A cornerstone is that first stone laid on a foundation with which all other stones must line up. By Baptism and by faith,, you and I are placed as living stones as a part of this building called the Holy Christian Church, all who by faith trust in Jesus for forgiveness and salvation.

But we don’t normally think of cornerstones as falling and crushing someone. We would normally think of other pieces of buildings that are much higher up that might possibly come crashing to the ground. Or boulders that might roll down a hillside and crush a teenager on a dirt bike.

It might be tempting to open up the throttle and cruise by these words of Jesus because they are so uncomfortable. But let’s not. This is God’s Word, too, so we must deal with it. “Everyone who falls on that stone will be broken to pieces, and when it falls on anyone, it will crush him.”

It looks like there’s no getting around this Stone. We will either be broken or crushed. Like the religious leaders of whom the parable of the vineyard condemned, those who reject this Stone will face the crushing blow of judgment. Unbelievers will be crushed by this Stone. For them, Scripture calls Jesus a “stumbling stone,” which does more than make them stumble. It crushes them. The crucifixion of Jesus is the ultimate stumbling block, as St. Paul relates to the Corinthians: “We preach Christ crucified, a stumbling block to Jews and folly to Gentiles.” (1 Cor. 1:23) And to the Romans, he writes, “Behold, I am laying in Zion a stone of stumbling, and a rock of offense, and whoever believes in him will not be put to shame.” (Rom. 9:33)

When we stub our toe on a rock, it hurts. It hurts worse if you fall down upon a boulder and break a bone or two. Years ago, one of my friends foolishly went rock climbing by himself without telling anyone where he was going. He fell and shattered one of his legs on the rocks beneath him. He managed to drag himself to a place where he could call for help. But you can imagine how much pain he had to deal with in the meantime.

Being broken hurts. And in our sinful pride, it hurts even more to admit that we cannot make it on our own. We need help. We need our sinful nature to be broken and even killed. And this can only happen if we fall upon the mercy of the Stone who was crucified for us.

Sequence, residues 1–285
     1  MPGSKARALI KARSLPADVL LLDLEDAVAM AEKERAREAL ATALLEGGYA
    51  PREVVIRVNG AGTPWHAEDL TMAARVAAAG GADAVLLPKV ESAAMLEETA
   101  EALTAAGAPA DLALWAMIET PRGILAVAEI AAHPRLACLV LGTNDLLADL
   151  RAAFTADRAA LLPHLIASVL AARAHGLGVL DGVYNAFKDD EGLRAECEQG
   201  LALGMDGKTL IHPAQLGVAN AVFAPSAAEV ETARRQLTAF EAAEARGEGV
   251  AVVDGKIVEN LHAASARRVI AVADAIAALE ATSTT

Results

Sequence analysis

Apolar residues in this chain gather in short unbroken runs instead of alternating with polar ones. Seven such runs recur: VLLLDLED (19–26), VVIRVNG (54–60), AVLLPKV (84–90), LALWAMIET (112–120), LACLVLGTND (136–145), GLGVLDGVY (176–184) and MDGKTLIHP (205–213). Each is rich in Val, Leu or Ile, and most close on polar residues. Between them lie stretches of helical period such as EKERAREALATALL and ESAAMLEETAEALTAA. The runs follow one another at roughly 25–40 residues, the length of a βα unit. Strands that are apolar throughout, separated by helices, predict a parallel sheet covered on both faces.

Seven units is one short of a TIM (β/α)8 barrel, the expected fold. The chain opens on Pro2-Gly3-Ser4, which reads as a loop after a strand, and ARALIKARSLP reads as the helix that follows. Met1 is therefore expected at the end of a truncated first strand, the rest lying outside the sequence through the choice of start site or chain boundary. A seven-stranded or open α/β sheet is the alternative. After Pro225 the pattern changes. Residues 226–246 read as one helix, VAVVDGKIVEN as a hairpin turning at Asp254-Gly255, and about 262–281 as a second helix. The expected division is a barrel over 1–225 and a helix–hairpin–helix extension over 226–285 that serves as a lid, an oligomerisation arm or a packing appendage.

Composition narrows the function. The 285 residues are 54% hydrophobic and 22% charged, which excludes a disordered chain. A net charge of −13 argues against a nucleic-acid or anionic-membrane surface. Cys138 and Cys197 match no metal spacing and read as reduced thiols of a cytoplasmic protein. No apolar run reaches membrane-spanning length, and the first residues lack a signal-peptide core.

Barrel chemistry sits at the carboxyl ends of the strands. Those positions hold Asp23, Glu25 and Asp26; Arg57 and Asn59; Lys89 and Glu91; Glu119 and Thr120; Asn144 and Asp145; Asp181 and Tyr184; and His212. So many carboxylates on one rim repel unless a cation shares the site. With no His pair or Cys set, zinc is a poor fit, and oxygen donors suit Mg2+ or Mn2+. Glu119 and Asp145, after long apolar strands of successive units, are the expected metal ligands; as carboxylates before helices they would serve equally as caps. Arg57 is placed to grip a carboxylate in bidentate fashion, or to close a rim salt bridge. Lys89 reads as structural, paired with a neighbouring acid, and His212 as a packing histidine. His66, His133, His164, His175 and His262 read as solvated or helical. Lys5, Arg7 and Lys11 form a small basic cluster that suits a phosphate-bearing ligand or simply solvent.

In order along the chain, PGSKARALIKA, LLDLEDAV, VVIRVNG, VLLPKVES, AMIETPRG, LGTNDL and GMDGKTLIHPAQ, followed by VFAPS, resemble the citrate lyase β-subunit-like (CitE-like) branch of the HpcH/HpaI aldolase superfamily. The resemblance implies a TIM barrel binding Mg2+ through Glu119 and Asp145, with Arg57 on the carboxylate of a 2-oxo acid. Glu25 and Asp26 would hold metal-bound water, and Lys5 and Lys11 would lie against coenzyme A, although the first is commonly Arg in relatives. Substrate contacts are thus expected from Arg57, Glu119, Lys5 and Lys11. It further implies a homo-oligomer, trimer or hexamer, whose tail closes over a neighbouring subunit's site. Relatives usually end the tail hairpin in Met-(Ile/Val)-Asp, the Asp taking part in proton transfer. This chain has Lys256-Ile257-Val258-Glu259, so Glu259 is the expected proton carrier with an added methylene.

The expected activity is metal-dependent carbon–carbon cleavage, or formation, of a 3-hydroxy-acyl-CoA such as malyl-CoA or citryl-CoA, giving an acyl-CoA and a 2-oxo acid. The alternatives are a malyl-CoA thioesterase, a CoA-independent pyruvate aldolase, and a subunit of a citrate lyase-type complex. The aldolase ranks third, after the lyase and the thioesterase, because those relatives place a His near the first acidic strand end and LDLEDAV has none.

There’s no getting around this Stone. We will either be broken or crushed. But as we just heard from St. Paul, “whoever believes in him will not be put to shame.” Those who believe in this Stone as Savior must fall into the brokenness of repentance. And there is no shame in repentance. There is no shame in admitting to God that you are broken, that you are sinful. We bring to him the brokenness of our hearts and lives, especially the brokenness we have because of our sin. Then, God begins to put us back together again.

“All the king’s horses and all the king’s men couldn’t put Humpty Dumpty together again,” so goes the old nursery rhyme. Jesus, our Divine Savior, is more than able to put us back together again. In the power of his love and forgiveness, he makes us whole. He makes us to be a new creation by the power of the Holy Spirit working in the water of Baptism and in the Word that is preached. He gives us a share in the life that he has in himself, abundant life, real life, eternal life. And he keeps on giving us that life in his Word and as we receive his body and blood in the Holy Supper. Then, he raises us up again as new beings, living stones in Christ, the temple of God in whom he dwells.

Broken or crushed? We don’t have to be afraid of being crushed by God’s judgment, because Jesus was crushed at the cross for us, as the prophet Isaiah said, “he was wounded for our transgressions; he was crushed for our iniquities; upon him was the chastisement that brought us peace, and with his stripes we are healed.” (Is. 53:5)…and as we sing in the hymn “What is this bread? Christ’s body risen from the dead: This bread we break, this life we take, was crushed to pay for our release. Oh, taste and see – the Lord is peace.” (LSB 629.1)

When we place our faith and trust in the Innocent One who was crushed for our sins, we taste and see his goodness. We taste and see that the Lord is our peace. And our hearts can rest in his peace, knowing that he loves us. We are forgiven. And we are set in place as living stones in God’s eternal kingdom.